Less waste. Less hunger.
That’s the mission driving the 16-year-old nonprofit Second Helpings Atlanta and its army of 450 volunteers.
Seven days a week, these volunteers are out collecting fresh food that might otherwise be headed to a landfill and delivering it to food pantries, women’s shelters and other groups that feed the needy.
“We run over 150 routes every single week,” Andrea Jaron, SHA’s executive director, said. “It’s a pretty impressive logistics operation.”
Second Helpings Atlanta – which began as a social-action project at Atlanta’s Temple Sinai – collects about 122,000 pounds of food every 22 days, or 1.7 million a year – numbers largely unchanged during the pandemic, despite the temporary closings of some regular donors, such as restaurants and schools, Jaron said.
These donations of fresh, nutritious, and perishable food pour in from about 80 organizations, including Costco, Publix, Whole Foods, Trader Joe’s, Piedmont Hospital, Emory Healthcare, and Mercedes-Benz Stadium. They are then quickly redistributed to the hungry through more than 40 nonprofits, such as Atlanta Mission, Covenant House, Loaves and Fishes, and the St. Vincent de Paul Society.
“This is the message we like getting out: When you are helping Second Helpings, you are really helping multiple organizations,” Jaron said. “When we provide them with food, it frees up their resources and allows them to spend their money in other places.”
Second Helpings Atlanta was started by Guenther Hecht, a Holocaust survivor, longtime Atlantan, and former Rich’s department store vice president who felt a call to give back.
With support from his fellow congregants at Temple Sinai in Atlanta – including Shirley Bernes and Alli Allen – Hecht began reclaiming unused food to feed the hungry. The operation kept growing and eventually expanded into the current nonprofit, with six full-time employees.
“The companies were pleased as punch to have someone come by and pick up the food instead of having to throw it out,” said Hecht, who also organized Second Helpings in the Hilton Head and Beaufort areas of South Carolina.
Nonprofits, such as Action Ministries and Mary Hall Freedom House, are thrilled to have the donations from Second Helpings Atlanta, which arrive at their door 90 minutes after pick-up from the donor.
“Second Helpings is incredibly proactive in anticipating our needs all the time, but especially in the pandemic [with individually packaged servings],” said April Greenberg, program manager of the women’s community kitchen at Action Ministries.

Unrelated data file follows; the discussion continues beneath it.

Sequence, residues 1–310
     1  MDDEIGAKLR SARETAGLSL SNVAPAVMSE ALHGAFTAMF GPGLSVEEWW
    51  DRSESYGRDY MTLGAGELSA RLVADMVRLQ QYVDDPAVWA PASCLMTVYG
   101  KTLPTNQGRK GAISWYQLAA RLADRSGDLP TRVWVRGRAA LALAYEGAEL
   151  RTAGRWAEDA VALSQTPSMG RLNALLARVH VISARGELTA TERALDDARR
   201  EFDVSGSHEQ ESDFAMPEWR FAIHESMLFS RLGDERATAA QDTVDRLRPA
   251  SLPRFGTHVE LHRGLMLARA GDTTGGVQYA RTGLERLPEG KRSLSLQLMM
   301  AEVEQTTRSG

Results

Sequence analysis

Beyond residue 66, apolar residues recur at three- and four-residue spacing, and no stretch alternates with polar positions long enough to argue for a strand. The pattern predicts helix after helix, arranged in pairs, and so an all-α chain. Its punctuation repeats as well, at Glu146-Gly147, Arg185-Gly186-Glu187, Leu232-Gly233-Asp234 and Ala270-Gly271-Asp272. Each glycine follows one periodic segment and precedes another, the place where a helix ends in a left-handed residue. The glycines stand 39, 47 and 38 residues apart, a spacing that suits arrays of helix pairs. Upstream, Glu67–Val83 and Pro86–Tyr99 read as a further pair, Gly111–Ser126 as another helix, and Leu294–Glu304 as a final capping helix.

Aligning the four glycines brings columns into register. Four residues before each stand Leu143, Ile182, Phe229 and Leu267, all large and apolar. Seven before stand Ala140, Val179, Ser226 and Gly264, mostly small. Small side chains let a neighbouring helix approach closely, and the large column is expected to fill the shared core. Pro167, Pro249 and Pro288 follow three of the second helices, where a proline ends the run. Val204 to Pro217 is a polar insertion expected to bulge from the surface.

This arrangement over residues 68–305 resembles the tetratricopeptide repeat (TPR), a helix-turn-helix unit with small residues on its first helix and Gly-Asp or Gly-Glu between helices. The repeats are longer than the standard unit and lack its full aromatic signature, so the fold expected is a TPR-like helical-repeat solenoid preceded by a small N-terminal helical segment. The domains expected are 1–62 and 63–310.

The kitchen at Action Ministries serves 40 to 50 meals a day, relying on food donations from volunteer and business groups, Greenberg said.
“We use the food we get from Second Helpings to kind of supplement those meals so we can provide healthy, balanced, full hot meals to our clients,” she said.
Lucy Hall, founder and CEO of Mary Hall Freedom House, said Second Helpings Atlanta is “always going above and beyond to make connections between those who have and those who do not.”
The donations from Second Helpings never feel like someone’s leftovers. “They make you feel this was something made just for you,” Hall said.
Due to the pandemic, some volunteers have temporarily stopped helping collect the food donations. Mercedes-Benz has pitched in, loaning Second Helpings a fleet of sprinter vans to make the deliveries.
Mercedes-Benz USA and the Atlanta Braves, in partnership with its concessionaire, Delaware North, also have been putting their commercial kitchens to work, preparing and packaging thousands of meals for distribution in the community, Jaron said.
Among the volunteers staying on the road and keeping the 90-minute mission is 68-year-old Ned Cone, who is still collecting from two donors five days a week.
Cone started doing food rescue with Second Helpings in Atlanta in 2013, a year before he retired after 27 years in logistics for a cabinet manufacturer. He and his wife, Nadeen Green, also donated a refrigerated truck to the nonprofit in 2011.
“Because the need for food donations has increased significantly with the coronavirus, it is very heartwarming and humbling to know I am helping people less fortunate than me standing in line … for food graciously donated by companies through a vast network of volunteers who care for others,” he said.
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